Rental policy helps with tenant screening
Q: While interviewing possible tenants renting a condominium unit from an owner, can we legally deny the applicant? What if they have a felony on their background check? Or records showing a felony involving violence, a battery misdemeanor or domestic violence?
A: First, your documents must provide the right to screen new residents. In addition, you cannot discriminate for several reasons, including race, religion, sex, age and medical disabilities, as well as others. You must be consistent in your reviews and clearly state the reasons why an applicant would be denied.
I suggest that the board establish a standard review for all new residents and have that review approved by the association attorney. The board could include a one-page interview form that would include a few key questions and remarks. If your policy says that no person with a police record will be approved, then you should have the right to disapprove the renter or new buyer.
Ask the board about delinquent accounts
Q: We have several homes that have not paid in more than two years. Our delinquency amount exceeds $400,000 and the board and management does nothing to collect.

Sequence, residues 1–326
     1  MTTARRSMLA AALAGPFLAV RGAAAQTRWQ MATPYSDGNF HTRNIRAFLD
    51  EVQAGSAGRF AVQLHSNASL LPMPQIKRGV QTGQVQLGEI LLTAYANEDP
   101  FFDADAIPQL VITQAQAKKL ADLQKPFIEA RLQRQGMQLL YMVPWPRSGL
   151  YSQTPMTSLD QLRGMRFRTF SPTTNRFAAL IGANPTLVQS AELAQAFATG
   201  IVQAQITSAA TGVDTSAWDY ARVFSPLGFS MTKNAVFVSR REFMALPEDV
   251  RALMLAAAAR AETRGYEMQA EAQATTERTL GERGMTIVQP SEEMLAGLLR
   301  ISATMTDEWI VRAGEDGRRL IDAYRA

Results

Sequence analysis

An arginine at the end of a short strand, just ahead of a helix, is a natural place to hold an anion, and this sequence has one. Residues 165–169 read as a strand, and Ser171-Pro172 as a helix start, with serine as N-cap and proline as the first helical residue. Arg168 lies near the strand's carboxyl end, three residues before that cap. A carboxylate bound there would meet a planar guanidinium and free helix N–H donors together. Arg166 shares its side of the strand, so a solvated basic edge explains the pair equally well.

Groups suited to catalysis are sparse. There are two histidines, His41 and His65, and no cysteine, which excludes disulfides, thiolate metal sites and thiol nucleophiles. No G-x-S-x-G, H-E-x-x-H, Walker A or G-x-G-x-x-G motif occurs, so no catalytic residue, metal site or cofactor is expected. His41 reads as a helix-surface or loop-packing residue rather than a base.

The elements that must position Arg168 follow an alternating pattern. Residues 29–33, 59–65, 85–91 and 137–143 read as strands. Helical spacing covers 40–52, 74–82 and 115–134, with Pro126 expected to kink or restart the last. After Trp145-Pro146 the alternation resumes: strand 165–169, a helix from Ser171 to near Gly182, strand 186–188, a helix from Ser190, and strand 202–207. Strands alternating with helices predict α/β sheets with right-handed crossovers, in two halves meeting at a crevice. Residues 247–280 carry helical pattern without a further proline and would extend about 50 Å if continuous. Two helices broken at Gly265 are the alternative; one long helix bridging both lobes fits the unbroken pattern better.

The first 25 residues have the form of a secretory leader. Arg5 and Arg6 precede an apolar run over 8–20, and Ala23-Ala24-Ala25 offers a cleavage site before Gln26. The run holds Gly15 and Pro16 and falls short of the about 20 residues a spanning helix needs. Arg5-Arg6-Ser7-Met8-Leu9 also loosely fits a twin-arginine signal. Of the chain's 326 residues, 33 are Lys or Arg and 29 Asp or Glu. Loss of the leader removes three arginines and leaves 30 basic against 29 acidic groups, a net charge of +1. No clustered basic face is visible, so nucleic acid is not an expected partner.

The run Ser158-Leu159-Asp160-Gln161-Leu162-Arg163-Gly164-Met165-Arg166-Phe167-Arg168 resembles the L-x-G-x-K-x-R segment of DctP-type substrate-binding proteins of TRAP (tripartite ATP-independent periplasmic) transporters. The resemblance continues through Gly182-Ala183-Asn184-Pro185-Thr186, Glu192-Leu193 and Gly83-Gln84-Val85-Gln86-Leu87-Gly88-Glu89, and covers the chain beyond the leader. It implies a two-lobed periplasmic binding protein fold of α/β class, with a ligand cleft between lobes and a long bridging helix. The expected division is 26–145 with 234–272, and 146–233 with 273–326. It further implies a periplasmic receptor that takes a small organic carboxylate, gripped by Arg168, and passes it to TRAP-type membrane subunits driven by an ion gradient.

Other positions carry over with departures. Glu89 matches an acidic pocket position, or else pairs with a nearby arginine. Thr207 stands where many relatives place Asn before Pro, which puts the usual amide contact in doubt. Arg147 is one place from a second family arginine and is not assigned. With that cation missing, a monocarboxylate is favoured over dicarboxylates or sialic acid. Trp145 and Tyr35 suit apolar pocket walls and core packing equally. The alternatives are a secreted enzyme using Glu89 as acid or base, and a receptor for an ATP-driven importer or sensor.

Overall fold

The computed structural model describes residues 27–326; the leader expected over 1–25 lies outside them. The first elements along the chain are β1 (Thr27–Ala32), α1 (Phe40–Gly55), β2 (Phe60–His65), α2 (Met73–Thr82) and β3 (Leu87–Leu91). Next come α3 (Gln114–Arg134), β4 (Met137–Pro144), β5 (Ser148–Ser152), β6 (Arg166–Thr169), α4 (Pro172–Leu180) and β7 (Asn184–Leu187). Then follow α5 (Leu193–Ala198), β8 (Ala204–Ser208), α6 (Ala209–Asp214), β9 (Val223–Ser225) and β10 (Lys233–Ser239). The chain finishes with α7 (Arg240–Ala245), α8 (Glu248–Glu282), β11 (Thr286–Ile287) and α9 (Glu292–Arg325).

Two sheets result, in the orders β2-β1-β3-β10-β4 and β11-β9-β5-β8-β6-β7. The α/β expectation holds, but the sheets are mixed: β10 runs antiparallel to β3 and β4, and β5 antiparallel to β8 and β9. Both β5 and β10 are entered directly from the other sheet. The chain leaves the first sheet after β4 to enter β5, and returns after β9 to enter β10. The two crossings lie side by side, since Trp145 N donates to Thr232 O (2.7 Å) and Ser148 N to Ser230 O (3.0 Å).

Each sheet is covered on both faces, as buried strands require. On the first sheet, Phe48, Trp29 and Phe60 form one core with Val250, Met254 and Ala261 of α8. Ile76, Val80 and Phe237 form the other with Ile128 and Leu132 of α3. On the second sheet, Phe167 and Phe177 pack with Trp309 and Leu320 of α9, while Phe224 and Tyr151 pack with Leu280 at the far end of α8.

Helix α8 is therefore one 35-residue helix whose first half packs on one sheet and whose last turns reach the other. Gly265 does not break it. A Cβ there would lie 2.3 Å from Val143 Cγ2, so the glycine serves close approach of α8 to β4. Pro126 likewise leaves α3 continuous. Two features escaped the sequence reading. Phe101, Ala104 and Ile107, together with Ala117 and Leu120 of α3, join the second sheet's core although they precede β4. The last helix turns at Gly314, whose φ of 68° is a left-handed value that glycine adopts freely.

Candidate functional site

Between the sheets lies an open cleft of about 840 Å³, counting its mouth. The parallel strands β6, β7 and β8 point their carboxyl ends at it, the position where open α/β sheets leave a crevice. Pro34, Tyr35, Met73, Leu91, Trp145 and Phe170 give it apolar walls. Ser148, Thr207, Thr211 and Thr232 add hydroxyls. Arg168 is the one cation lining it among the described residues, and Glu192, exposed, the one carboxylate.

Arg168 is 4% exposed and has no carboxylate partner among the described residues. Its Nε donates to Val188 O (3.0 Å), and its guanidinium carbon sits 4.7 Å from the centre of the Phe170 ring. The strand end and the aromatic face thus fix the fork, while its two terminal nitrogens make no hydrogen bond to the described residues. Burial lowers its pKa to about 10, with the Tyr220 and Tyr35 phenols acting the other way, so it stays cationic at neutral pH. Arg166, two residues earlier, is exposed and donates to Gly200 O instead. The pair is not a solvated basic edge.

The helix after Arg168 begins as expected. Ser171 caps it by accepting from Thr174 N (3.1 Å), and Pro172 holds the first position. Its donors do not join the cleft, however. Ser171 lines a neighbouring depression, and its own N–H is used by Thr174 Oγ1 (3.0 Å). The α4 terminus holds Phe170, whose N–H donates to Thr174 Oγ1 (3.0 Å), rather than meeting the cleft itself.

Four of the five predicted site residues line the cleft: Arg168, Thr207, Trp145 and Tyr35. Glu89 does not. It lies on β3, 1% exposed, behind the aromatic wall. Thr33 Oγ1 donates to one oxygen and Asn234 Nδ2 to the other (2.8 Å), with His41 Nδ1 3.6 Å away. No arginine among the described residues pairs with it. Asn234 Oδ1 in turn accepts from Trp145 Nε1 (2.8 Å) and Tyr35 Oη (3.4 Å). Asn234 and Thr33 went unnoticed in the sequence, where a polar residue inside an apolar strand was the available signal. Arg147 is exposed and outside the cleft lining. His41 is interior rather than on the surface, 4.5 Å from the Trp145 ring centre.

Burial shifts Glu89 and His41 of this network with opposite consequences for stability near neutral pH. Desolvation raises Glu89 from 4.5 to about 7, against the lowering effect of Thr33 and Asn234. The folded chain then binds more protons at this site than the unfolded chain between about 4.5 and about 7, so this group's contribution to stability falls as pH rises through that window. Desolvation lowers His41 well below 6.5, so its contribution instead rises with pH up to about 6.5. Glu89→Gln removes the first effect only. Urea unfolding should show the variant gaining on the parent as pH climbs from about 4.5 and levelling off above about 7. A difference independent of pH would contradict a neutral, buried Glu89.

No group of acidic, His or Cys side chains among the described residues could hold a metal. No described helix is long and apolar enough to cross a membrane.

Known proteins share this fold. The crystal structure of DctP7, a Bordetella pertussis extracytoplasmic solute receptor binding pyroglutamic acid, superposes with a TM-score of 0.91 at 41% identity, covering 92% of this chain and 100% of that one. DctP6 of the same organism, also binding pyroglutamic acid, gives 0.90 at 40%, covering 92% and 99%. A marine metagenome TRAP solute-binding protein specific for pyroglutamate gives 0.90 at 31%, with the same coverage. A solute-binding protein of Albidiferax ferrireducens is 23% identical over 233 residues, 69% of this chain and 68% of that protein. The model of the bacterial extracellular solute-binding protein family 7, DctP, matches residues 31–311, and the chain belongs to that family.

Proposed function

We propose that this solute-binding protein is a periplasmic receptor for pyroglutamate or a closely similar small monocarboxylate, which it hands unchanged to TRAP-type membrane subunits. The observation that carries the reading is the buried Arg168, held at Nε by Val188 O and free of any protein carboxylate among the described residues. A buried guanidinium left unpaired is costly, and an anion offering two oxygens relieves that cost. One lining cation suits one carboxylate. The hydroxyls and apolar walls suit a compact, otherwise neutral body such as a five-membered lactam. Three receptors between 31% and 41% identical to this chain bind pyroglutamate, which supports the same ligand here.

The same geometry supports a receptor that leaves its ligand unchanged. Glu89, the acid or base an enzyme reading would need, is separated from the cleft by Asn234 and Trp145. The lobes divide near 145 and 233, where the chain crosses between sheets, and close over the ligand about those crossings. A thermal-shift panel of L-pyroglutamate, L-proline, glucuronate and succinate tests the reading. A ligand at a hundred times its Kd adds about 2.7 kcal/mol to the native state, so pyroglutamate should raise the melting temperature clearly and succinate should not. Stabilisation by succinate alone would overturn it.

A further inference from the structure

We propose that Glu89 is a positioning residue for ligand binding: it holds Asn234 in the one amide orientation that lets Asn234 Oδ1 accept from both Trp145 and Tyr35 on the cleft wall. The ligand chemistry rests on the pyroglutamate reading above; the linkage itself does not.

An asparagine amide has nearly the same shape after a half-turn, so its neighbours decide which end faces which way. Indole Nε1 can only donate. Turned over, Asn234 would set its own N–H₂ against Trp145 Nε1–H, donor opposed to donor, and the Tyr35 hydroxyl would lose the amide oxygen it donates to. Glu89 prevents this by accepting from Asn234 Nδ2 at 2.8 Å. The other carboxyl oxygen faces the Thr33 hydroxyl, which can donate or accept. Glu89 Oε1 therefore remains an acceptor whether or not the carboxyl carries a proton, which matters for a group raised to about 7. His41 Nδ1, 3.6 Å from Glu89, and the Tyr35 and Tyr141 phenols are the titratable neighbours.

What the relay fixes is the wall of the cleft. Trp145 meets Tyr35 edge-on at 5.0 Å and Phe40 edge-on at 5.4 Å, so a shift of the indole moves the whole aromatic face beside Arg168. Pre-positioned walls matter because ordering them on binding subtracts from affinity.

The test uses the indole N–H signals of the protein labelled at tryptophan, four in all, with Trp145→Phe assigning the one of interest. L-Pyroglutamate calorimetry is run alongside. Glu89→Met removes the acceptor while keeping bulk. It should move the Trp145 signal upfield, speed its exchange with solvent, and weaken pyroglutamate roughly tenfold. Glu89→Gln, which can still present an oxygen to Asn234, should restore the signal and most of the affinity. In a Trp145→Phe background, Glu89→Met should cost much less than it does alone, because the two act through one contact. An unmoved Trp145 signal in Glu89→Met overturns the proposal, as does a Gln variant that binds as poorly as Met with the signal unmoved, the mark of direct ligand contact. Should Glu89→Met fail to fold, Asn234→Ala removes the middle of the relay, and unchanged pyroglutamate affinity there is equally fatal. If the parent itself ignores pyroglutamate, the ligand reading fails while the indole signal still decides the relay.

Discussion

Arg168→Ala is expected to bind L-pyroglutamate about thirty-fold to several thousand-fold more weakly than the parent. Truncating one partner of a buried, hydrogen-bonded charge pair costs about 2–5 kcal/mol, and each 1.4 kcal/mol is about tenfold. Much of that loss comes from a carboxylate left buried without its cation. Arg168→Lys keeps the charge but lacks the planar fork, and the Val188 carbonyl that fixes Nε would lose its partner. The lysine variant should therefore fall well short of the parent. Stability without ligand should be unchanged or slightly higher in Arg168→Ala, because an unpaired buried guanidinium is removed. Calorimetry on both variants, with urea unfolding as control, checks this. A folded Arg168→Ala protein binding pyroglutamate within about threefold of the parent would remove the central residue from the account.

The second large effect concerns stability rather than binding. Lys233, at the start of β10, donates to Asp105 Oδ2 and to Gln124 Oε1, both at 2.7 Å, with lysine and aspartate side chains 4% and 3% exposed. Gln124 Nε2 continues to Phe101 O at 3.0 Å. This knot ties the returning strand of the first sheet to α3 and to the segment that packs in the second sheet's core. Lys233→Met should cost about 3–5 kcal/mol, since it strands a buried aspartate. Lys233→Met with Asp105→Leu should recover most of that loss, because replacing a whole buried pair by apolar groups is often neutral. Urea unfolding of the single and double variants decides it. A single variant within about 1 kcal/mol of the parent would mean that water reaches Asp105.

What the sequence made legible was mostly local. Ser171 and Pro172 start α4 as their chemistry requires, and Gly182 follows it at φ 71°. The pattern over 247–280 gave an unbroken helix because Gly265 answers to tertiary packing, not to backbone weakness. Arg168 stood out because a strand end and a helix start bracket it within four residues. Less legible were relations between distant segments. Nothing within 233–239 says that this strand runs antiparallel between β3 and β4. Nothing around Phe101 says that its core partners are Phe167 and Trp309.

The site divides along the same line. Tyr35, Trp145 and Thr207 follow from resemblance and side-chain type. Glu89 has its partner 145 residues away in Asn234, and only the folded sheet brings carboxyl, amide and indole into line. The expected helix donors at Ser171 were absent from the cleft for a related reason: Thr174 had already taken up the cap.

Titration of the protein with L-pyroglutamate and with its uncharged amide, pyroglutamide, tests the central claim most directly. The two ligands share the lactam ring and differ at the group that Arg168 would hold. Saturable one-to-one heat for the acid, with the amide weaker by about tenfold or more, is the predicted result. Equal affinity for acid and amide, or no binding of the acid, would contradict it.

At the last board election I placed my name as a candidate. Unfortunately, the members voted for the current directors. So, what is my next step? I am not sure that I want to become involved but that decision will cost me higher fees.
A: One of the most difficult situations is the apathy that many owners assume. That attitude is, let the other person do the work. You stepped up to the plate but unfortunately you struck out because you did not have the support. The key reason is usually you did not connect with the owners. To connect with the owners, you must meet them face to face and give them the facts.
Send a letter to the board and ask specific questions about the operations and finances. Find out why the board has not taken action on the delinquent accounts. Once you have the data and information, start knocking on doors and meet your neighbors.
'Unofficial' recount can void election
Q: After the annual election, the ballots were locked in a cabinet. A board member went into the locked cabinet to recount the votes without notice or anyone else attending or acting as a witness. Shouldn't a recount be observed by others present?
A: Subject to the end report of the inspection, it could have voided the election. No director should put himself or herself in a position of invalidating any association records.
Richard White is a licensed community associations manager. Write to him at 6039 Cypress Gardens Blvd., No. 201, Winter Haven, FL 33884-4115. Please include your name and city.